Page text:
Healthy Living

Is Stress Just All In Your Head?

February 14, 2020

Let’s just go ahead and answer this one right off the bat: no — it’s not just all in the mind. No, you’re not crazy, no you’re not imagining it. Stress is all-consuming, real, can change the way you treat others, can affect your eating & sleeping patterns, and so. much. more. 

But first, let’s just start with this: you’re not alone. According to a recent study from Everyday Health, “Almost one-third of those surveyed say they visited a doctor about something stress-related. 57 percent of the survey respondents say they are paralyzed by stress; 43 percent say they are invigorated by stress.”

“But that can’t be”, you might think. “There’s no way so many of us are plagued by this?”

Oh, there is. The study goes on to say that more than 33 percent of survey respondents say their stress comes from work, whereas more than half of respondents say their stress comes from money issues. 

How stress shows up in the body 

When I’ve been stressed, it’s pretty obvious. I develop canker sores in my mouth, get a slight twitch in my eye, lose sleep, and get a bit of an acne flare-up. And sometimes, all of this happens and I don’t even realize that I have been stressed. 

All of that to say the body is miraculous, smart, and knows more than you’re even cognizant of. Sometimes, it develops a response to the stress on your behalf, or when you can’t emotionally or mentally process it. Which is both neat and frustrating. 

Physically, the most common ways that stress shows on your body are:

  • Headaches
  • Muscle tension
  • Fatigue
  • Nausea 
  • Food habits
  • Sleep issues
  • Chest pain

Most of all, stress affects your mood. You might feel:

  • Overwhelmed
  • Irritable
  • Depressed
  • Unfocused/unmotivated
  • Restless
  • Anxious

How stress affects your fitness goals

Stress can also have a huge impact on your fitness goals, too, leading to an overproduction of hormones associated with overeating. According to a recent report from Harvard Medical School, here’s how it works:

“The nervous system sends messages to the adrenal glands atop the kidneys to pump out the hormone epinephrine (also known as adrenaline). Epinephrine helps trigger the body’s fight-or-flight response, a revved-up physiological state that temporarily puts eating on hold.”

So that doesn’t sound exactly like overeating, but they say that if the state of heightened stress continues, your body releases another hormone — cortisol. Cortisol increases motivation, as well as appetite. And there you have it. 

Not only that, but stress can quite literally change your dietary preferences. According to that same report from Harvard, studies on animals have shown that stress increases the intake of foods that are high in fats and sugars. 

The difference between anxiety and stress

So what about people with anxiety? How does anxiety differ from stress and how does anxiety impact our relationship with food?

Let’s set this record straight. Stress is typically a short-term reaction to an external situation. That’s why when you’re stressed, you often feel fight-or-flight (epinephrine) kick in. And then motivation or hunger (cortisol) after that. 

With anxiety, it’s more about your long-term reaction to the stress. For many people with generalized anxiety disorder (GAD), this is not something that can be helped by just changing your attitude or putting on a happy song. The fear/panic response, often symptoms of anxiety, are hardwired in the amygdala. They look like:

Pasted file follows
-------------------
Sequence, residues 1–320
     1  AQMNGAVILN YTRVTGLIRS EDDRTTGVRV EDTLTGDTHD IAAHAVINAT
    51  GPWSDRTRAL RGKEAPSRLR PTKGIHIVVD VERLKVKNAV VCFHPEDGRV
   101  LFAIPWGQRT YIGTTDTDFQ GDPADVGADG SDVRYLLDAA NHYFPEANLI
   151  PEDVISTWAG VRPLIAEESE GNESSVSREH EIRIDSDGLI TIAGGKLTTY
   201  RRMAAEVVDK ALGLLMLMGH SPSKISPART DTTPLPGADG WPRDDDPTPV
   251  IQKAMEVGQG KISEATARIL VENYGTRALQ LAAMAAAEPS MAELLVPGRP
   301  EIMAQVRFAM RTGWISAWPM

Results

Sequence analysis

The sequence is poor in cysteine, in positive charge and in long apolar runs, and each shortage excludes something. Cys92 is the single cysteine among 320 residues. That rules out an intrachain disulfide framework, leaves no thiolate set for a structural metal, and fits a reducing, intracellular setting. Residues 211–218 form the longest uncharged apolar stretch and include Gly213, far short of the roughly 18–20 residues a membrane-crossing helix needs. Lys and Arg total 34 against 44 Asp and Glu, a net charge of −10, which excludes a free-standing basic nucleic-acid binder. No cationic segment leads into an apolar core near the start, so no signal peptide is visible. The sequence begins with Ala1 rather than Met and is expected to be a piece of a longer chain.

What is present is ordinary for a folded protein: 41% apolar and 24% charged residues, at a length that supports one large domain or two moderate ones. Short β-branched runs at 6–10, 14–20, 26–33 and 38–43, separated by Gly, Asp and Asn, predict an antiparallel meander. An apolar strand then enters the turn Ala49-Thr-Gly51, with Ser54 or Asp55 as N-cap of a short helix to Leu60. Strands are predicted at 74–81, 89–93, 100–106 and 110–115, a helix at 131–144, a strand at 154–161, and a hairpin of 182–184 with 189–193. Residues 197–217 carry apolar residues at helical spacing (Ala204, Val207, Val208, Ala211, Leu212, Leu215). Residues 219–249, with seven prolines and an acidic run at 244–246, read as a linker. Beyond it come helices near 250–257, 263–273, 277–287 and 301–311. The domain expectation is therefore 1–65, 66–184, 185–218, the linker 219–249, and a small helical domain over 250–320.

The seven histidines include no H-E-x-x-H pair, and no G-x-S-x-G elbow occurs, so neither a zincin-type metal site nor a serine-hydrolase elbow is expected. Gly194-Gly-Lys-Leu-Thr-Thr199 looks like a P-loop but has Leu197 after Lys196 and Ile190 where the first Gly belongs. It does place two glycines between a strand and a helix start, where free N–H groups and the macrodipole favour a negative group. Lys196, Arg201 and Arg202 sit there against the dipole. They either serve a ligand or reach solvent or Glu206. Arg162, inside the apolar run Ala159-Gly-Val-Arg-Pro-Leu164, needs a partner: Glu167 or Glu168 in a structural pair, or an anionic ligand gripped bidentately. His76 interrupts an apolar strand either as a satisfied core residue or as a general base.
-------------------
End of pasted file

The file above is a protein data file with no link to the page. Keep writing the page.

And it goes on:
• Increased heart-rate/blood pressure
  • Ulcers
  • Panting, shortness of breath
  • Corticosteroid (hydrocortisone and cortisone) is released

For those with GAD, there is typically a link between a lack of production/reception of either serotonin, norepinephrine, or dopamine within the brain’s neurotransmitter pathways. 

In layman’s terms? Your brain just isn’t producing the right chemicals it takes to get you out of fight-or-flight and back into a sound place of calm and peace. 

You know how we talk about the gut being the “second brain”? How it’s constantly linked to your moods and vice versa? Well, many people with GAD develop poor eating habits as coping mechanisms, whether that’s long-term overeating or undereating. 

So while both stress and anxiety are very different, both operate super similarly in how it affects your gut health (among other things).

How to manage your stress 

  • Evaluate your stressors — there are always two ways to respond to every situation, no matter how stressful: change your reaction, or change your situation. If the situation is untenable, change the situation. If the situation is tenable and you can work on your reaction, then put your focus there. Just don’t stay at the status quo.
  • Rely on your circle — as the Beatles said, I get by with a little help from my friends. Your friends and family are there through both the good times and the bad. Ask them questions, let them know what’s going on and they can support you in the way they know you best. 
  • Focus your attention on healthy nutrition — acute stress can squash your appetite, while longer-term stress can make it go into overdrive. Keep a diet that’s high in a variety of nutrients — from greens to proteins to healthy fats; this can help keep your gut healthy and balance your blood sugar, meaning you stay energized longer and can better respond to life’s daily stressors.

Looking for a way to incorporate a more balanced variety of nutrients into your diet? Check out our balance meal plan, or create your own! Get started today.

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